[joe@testjli ~]# G=($(ldapsearch -x -H ldaps://joe.ldap.local -b "DC=JOE,DC=LDAP,DC=LOCAL" -s subtree -D "CN=JOELDAP,DC=JOE,DC=LDAP,DC=LOCAL" -w "TESTJLI" "(cn=JOETEST*)" "objectGUID"|grep "objectGUID::"|awk '{print $2}'|base64 -d -i|hexdump -e  '1/1 " %02x"'))
[joe@testjli ~]# OBJECTGUID="${G[3]}${G[2]}${G[1]}${G[0]}-${G[5]}${G[4]}-${G[7]}${G[6]}-${G[8]}${G[9]}-${G[10]}${G[11]}${G[12]}${G[13]}${G[14]}${G[15]}"
[joe@testjli ~]# echo $OBJECTGUID
6f91b499-3500-460f-b0c3-ebec52d16003

Or use awk:

[joe@testjli ~]# echo mbSRbwA1D0aww+vsUtFgAw==|base64 -d -i|hexdump -e  '1/1 " %02x"'|awk '{print $4$3$2$1"-"$6$5"-"$8$7"-"$9$10"-"$11$12$13$14$15$16}'
6f91b499-3500-460f-b0c3-ebec52d16003

[joe@testjli ~]# echo mbSRbwA1D0aww+vsUtFgAw==|base64 -d -i|hexdump -e  '1/1 " %02x"'|awk '{print $4$3$2$1"-"$6$5"-"$8$7"-"$9$10"-"$11$12$13$14$15$16}'|awk '{ print toupper($0) }'
6F91B499-3500-460F-B0C3-EBEC52D16003

How do we know the objectGUID should be assembled in this order? Here is the wiki page which explains it. Basically a GUID is stored as a 16-byte (128-bit) number. Microsoft format differs from the UUID standard in the byte order of the first 3 fields. It is split into four fields, defined as follows:

BitsBytesNameEndianness (Microsoft)Endianness (RFC 4122)
324Data1Native (Little)Big
162Data2Native (Little)Big
162Data3Native (Little)Big
648Data4BigBig
GUID format

This endianness applies only to the way in which a GUID is stored, and not to the way in which it is represented in text. GUIDs and RFC 4122 UUIDs should be identical when displayed textually.

One thing I’ve noticed during my work is if the returned base64 coded ASCII string is decoded and assigned to a variable, then use hexdump on the variable, a “00” byte in the middle is removed and another byte is appended at the end. This will cause the final result not correct. So don’t split decode and hexdump in two steps.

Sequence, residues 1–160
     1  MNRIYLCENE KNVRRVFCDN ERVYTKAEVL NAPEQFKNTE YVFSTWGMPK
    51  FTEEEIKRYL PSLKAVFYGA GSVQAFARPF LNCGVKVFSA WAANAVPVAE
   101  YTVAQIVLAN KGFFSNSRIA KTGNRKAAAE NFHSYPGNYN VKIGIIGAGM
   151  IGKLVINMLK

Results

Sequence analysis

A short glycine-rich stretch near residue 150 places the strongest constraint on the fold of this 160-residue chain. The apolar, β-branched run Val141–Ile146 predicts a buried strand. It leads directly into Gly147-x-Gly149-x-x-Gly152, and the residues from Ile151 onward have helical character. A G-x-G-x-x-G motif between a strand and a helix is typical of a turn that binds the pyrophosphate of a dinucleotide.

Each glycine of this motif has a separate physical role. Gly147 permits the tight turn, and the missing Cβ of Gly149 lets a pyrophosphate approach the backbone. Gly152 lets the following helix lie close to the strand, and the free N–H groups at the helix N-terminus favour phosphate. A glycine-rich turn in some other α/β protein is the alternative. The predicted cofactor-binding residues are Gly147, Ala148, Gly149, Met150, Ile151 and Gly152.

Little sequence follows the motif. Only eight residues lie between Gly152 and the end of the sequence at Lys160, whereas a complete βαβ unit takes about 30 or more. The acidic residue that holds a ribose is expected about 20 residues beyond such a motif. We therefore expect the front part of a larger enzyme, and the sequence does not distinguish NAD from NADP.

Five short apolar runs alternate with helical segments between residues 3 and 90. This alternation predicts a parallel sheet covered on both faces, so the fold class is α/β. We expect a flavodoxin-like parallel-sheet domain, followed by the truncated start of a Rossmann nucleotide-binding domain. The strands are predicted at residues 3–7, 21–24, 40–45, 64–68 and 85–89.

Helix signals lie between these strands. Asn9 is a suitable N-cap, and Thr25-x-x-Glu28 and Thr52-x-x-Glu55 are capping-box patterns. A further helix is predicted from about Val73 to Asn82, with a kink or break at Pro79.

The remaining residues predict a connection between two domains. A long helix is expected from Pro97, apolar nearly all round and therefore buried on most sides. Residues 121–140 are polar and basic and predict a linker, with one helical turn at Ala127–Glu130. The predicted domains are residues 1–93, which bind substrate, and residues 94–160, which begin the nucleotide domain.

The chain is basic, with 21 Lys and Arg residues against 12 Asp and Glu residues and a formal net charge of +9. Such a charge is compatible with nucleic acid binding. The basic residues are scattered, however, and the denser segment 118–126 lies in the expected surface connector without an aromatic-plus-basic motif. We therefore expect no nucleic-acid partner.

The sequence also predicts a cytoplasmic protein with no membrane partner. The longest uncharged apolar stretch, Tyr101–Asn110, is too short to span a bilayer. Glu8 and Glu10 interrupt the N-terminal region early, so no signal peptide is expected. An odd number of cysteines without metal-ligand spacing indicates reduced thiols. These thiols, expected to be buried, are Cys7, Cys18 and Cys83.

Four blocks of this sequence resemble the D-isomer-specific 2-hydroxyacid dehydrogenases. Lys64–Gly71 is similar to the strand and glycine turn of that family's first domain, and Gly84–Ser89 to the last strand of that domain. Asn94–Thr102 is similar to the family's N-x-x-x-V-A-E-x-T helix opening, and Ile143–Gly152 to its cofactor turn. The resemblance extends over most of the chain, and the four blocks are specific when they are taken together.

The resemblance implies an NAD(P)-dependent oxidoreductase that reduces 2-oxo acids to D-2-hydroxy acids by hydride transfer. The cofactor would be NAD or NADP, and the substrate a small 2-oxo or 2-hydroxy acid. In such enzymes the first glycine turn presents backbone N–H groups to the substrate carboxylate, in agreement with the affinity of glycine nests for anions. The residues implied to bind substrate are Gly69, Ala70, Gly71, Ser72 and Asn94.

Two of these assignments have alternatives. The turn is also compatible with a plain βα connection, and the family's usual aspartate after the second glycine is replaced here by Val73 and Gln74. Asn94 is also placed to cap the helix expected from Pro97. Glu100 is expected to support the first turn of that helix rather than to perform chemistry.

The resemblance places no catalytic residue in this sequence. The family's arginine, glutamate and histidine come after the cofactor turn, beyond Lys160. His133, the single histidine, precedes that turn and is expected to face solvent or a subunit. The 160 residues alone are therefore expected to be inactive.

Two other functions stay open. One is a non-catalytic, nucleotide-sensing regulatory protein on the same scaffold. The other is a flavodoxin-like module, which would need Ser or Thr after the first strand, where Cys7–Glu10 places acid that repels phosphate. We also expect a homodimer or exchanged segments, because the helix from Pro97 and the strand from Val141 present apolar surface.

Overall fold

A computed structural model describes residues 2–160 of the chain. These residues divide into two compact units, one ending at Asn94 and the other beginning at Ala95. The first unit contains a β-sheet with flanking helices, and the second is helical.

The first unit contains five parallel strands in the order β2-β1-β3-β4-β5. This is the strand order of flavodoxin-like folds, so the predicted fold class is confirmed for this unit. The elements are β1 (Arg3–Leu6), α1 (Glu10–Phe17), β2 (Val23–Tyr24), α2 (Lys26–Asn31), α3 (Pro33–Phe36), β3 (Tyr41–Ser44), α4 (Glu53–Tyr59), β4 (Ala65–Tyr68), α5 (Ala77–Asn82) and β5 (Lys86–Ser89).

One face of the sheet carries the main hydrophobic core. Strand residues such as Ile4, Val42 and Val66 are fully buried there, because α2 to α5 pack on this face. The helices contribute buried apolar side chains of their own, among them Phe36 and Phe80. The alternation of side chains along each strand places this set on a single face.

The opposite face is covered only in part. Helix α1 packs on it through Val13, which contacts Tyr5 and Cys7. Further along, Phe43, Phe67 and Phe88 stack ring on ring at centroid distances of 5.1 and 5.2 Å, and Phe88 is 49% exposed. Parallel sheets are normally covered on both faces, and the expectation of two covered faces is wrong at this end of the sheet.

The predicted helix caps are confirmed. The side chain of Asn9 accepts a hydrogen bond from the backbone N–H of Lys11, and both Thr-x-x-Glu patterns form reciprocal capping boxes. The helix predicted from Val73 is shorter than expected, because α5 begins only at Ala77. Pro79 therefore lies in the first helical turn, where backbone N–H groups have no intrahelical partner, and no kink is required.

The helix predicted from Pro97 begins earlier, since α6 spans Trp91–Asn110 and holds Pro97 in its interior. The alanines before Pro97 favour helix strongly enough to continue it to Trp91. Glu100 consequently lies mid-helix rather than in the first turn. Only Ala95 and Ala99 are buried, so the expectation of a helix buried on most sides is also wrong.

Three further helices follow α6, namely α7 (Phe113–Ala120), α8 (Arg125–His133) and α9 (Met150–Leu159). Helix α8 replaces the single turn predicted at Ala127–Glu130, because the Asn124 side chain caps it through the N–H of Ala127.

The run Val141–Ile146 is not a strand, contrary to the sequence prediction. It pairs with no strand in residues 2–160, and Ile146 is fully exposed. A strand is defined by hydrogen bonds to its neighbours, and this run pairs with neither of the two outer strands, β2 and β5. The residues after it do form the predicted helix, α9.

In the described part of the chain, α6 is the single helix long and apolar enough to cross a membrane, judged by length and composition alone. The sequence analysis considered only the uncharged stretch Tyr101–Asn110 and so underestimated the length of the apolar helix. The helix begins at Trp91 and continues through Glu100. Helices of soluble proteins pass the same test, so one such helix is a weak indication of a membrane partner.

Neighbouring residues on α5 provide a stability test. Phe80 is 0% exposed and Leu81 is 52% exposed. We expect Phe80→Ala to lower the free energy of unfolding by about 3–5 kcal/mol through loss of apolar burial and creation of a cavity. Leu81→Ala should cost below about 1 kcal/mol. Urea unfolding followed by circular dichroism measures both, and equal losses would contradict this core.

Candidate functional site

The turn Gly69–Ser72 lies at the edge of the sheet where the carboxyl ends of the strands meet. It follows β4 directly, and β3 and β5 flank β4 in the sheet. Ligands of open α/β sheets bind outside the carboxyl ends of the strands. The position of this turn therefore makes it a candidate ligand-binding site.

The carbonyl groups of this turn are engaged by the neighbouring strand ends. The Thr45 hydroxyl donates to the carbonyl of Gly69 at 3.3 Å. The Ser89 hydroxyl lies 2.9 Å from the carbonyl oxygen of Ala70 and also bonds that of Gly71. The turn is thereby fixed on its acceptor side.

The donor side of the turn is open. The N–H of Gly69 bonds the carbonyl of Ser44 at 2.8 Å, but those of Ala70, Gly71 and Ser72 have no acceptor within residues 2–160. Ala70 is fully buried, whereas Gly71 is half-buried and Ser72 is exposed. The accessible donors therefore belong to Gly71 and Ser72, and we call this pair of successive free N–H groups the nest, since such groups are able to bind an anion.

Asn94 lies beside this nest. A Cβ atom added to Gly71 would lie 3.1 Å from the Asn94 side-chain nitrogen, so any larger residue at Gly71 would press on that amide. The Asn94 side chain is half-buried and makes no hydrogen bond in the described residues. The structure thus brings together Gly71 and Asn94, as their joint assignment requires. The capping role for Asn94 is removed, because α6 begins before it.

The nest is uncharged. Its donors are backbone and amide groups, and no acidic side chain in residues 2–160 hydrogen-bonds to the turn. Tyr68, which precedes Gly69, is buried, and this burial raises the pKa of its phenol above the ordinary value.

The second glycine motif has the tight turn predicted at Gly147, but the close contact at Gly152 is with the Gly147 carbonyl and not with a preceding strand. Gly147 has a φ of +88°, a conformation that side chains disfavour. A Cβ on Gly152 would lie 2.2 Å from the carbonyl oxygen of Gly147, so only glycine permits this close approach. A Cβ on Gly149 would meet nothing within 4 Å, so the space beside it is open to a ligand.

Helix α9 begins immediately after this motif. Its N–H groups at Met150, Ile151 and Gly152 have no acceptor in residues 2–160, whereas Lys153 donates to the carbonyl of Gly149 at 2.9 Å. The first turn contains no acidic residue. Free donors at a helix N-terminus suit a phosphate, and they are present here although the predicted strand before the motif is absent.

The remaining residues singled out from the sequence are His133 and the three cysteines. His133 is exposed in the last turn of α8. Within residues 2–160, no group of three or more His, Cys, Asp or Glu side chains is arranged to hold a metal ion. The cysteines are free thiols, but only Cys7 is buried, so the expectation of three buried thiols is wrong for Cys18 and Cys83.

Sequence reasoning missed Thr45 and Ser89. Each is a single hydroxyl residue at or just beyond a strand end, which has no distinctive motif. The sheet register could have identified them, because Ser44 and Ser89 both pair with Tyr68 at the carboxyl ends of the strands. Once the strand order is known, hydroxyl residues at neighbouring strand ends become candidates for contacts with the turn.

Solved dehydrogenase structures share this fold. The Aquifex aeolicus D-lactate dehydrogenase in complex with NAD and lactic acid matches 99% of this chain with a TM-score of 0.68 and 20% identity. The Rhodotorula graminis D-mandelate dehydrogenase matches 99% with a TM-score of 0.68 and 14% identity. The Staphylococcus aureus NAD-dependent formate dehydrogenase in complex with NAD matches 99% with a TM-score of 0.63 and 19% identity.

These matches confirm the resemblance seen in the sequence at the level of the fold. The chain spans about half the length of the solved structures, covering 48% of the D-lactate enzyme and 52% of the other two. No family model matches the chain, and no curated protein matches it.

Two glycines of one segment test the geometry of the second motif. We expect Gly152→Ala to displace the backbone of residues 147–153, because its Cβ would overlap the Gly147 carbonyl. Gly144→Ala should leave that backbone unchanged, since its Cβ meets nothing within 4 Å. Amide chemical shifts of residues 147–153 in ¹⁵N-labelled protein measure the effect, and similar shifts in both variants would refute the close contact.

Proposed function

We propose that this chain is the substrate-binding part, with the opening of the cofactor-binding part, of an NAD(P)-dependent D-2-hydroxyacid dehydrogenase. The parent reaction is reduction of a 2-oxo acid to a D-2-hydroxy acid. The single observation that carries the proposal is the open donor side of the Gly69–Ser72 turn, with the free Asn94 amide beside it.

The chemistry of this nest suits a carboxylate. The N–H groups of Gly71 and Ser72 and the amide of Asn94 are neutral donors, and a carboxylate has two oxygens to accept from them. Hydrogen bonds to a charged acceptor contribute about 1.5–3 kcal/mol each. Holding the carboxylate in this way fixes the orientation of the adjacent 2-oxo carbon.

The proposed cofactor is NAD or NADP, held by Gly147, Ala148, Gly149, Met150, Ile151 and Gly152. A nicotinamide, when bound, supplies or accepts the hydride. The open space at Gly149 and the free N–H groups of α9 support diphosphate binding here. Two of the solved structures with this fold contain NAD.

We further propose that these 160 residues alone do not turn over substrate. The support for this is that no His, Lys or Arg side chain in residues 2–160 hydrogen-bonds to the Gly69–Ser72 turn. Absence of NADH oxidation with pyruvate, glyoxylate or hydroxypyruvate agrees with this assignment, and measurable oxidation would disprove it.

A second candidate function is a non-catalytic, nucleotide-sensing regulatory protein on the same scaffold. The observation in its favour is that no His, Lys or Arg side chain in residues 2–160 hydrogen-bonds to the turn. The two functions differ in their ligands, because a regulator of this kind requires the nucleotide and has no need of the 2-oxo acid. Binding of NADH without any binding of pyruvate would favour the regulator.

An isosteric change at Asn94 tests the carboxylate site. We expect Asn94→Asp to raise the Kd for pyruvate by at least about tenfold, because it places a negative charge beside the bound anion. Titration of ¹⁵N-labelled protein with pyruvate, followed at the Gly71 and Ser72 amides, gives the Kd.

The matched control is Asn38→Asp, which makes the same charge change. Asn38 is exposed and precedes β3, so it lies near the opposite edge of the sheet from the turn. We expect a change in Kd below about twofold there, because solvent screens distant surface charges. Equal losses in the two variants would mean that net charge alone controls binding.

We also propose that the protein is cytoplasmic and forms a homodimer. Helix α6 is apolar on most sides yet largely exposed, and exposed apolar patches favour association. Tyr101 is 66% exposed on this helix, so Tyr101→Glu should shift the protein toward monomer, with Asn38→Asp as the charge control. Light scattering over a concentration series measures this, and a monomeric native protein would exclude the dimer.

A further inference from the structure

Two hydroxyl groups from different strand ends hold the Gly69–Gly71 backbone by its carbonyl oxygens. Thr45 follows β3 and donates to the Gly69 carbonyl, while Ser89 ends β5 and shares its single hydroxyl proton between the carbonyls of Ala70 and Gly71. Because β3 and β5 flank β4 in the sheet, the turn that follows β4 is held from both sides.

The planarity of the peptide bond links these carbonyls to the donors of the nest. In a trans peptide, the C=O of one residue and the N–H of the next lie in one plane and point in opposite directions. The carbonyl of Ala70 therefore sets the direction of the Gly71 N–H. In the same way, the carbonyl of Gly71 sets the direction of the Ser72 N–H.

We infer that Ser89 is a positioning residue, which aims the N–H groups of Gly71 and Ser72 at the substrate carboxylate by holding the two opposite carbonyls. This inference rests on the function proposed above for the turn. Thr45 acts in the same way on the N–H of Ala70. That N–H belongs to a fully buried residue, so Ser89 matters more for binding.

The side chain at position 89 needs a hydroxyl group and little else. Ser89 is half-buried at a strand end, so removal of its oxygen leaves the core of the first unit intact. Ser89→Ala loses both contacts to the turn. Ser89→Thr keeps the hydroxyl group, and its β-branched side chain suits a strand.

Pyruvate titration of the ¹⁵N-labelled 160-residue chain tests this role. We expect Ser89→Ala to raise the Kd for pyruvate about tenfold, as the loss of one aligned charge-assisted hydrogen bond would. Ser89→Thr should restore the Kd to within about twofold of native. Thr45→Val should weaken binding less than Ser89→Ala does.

[joe@testjli ~]# echo mbSRbwA1D0aww+vsUtFgAw==
mbSRbwA1D0aww+vsUtFgAw==

[joe@testjli ~]# guid="mbSRbwA1D0aww+vsUtFgAw=="
[joe@testjli ~]# echo ${guid}
mbSRbwA1D0aww+vsUtFgAw==

[joe@testjli ~]# echo mbSRbwA1D0aww+vsUtFgAw==|base64 -d -i|hexdump -e  '1/1 " %02x"'
 99 b4 91 6f 00 35 0f 46 b0 c3 eb ec 52 d1 60 03

[joe@testjli ~]# echo ${guid}|base64 -d -i|hexdump -e  '1/1 " %02x"'
 99 b4 91 6f 00 35 0f 46 b0 c3 eb ec 52 d1 60 03


[joe@testjli ~]# wrong1=$(echo mbSRbwA1D0aww+vsUtFgAw==|base64 -d -i)
[joe@testjli ~]# wrong2=`echo mbSRbwA1D0aww+vsUtFgAw==|base64 -d -i`

[joe@testjli ~]# echo ${wrong1} |hexdump -e  '1/1 " %02x"'
 99 b4 91 6f 35 0f 46 b0 c3 eb ec 52 d1 60 03 0a
[joe@testjli ~]# echo ${wrong2} |hexdump -e  '1/1 " %02x"'
 99 b4 91 6f 35 0f 46 b0 c3 eb ec 52 d1 60 03 0a

So why bother to use ldapsearch when there other tools on Windows can do the same thing easily? The reason is we have an application which integrates with an AD to authenticate users. I need to check about 20000 users for their objectGUID values stored within the application’s database against the actual values returned from the AD.

I just prefer to work on a Linux platform than using powershell to query a Oracle database using Oracle Data Provider for .NET (ODP.NET). Another option is to use Oracle’s DBMS_LDAP PL/SQL package. I’ll give an example to use DBMS_LDAP in another post.

As always, for each task, there are many ways to accomplish it. When choosing a method over another, you need to think about:

  • complexity
  • efficiency
  • mantainence

For a small one like I just mentioned above, picking one with which you are comfortable.